This, too, is weather.    The air
              full, invisibly of messages
that matter so much we encrypt them.

No matter but an echo. Someone else’s
              station. Hold still. You may look
at the screen next to yours. The windowsill

in your pocket. Go on.
              The horse will trip the shutters, fly.
To capture (an image). To take (a photograph).

Screen grab or shot. A hostage lexicon instead
              of sight. I can walk
through air that says running late or

should I bring anything? or yes,
              she is. I can wait
longer these days. You may look

tired. The apple on the windowsill.
              This natural light, the de rigueur
draping of cloth.

I am learning how to be a witness.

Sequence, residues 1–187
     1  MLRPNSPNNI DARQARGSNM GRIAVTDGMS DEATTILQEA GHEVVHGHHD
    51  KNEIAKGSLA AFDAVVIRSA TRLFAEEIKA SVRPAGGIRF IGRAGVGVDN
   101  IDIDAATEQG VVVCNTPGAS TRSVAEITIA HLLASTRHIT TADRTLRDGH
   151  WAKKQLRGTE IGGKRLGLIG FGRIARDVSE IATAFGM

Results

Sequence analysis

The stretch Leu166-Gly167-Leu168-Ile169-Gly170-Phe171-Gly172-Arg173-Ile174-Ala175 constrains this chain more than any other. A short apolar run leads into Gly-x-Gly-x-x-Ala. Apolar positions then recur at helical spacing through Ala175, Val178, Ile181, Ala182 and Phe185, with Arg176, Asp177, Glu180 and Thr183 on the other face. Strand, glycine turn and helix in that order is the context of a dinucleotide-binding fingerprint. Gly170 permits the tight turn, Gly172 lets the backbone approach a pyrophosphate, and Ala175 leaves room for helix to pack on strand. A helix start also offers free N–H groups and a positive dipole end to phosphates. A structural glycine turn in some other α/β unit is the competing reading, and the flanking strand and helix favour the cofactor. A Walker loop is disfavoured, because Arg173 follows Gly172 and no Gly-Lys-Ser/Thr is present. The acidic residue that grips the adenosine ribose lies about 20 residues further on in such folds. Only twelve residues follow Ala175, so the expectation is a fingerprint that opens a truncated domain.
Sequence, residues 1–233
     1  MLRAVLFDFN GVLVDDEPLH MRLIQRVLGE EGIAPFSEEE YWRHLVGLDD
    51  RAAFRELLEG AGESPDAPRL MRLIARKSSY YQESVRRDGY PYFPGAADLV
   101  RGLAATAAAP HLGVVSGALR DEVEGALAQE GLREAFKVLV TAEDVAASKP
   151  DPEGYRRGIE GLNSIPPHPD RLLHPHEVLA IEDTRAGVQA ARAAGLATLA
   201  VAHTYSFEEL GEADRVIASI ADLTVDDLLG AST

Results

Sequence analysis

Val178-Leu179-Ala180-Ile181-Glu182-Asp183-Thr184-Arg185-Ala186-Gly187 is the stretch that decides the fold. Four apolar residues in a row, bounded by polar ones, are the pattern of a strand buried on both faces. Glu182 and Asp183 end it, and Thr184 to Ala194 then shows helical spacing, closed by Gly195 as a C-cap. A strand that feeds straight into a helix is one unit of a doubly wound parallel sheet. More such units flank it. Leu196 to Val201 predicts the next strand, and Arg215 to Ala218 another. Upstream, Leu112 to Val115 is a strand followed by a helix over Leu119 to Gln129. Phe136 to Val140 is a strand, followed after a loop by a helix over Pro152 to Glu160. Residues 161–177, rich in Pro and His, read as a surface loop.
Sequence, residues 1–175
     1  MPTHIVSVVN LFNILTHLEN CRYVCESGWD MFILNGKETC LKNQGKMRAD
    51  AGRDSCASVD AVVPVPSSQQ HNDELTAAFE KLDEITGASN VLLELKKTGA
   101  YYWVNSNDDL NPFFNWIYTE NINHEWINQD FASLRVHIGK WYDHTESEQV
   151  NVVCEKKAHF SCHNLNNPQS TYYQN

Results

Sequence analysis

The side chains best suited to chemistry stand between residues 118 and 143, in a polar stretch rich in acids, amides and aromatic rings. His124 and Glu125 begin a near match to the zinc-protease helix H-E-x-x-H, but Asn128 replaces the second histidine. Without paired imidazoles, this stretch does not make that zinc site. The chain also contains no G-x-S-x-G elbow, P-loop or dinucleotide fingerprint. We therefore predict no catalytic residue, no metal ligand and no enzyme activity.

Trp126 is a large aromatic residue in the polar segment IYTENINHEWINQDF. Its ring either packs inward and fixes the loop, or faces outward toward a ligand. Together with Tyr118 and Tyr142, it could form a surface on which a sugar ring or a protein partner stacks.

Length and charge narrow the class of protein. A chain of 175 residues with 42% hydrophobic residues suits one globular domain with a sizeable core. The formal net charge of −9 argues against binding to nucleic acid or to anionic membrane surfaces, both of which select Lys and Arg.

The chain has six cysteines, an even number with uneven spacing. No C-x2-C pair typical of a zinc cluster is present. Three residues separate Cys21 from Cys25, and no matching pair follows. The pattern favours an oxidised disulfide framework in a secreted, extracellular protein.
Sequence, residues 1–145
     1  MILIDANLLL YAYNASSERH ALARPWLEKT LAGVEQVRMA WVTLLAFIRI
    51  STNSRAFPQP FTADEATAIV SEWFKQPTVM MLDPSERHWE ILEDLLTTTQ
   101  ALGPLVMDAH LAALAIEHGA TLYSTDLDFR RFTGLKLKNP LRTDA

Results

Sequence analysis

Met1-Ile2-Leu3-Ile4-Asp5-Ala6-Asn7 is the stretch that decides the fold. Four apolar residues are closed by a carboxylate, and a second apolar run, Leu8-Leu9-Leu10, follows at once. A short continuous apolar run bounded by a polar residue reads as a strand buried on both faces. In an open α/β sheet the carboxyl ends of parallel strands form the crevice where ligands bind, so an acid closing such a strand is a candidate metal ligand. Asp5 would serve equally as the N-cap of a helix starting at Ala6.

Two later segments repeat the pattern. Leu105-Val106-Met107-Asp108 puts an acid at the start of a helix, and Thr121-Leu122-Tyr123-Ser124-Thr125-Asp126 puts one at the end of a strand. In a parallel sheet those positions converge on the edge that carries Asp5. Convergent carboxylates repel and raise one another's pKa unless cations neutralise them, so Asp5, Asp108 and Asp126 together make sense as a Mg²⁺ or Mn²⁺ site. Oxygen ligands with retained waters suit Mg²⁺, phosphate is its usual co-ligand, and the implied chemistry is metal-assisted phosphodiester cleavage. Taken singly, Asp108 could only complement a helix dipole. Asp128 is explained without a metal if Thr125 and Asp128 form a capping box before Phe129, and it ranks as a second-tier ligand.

I am learning how to be
a clock. Everywhere, everyone practicing

their talk. Help, angels, make assay.
              I am learning how to tick
to you and learning when

to stop. (I’ll bring my bike over on Sunday –
              you can help me true the wheel.) Hold
still please.
Amid all this. I can

will it.


MARGARET B. RAY grew up in Gainesville, Florida, which is neither South Florida nor quite the South. She has been a contributor at the Bread Loaf Writers Conference and the Kenyon Review Writers Workshop, and her poems have appeared or are forthcoming in FIELD, Rattle, American Literary Review, Habitat, and Mortar Magazine.  She is currently a poetry MFA student at Warren Wilson College, and she lives in New Jersey, where she teaches high school English and creative writing.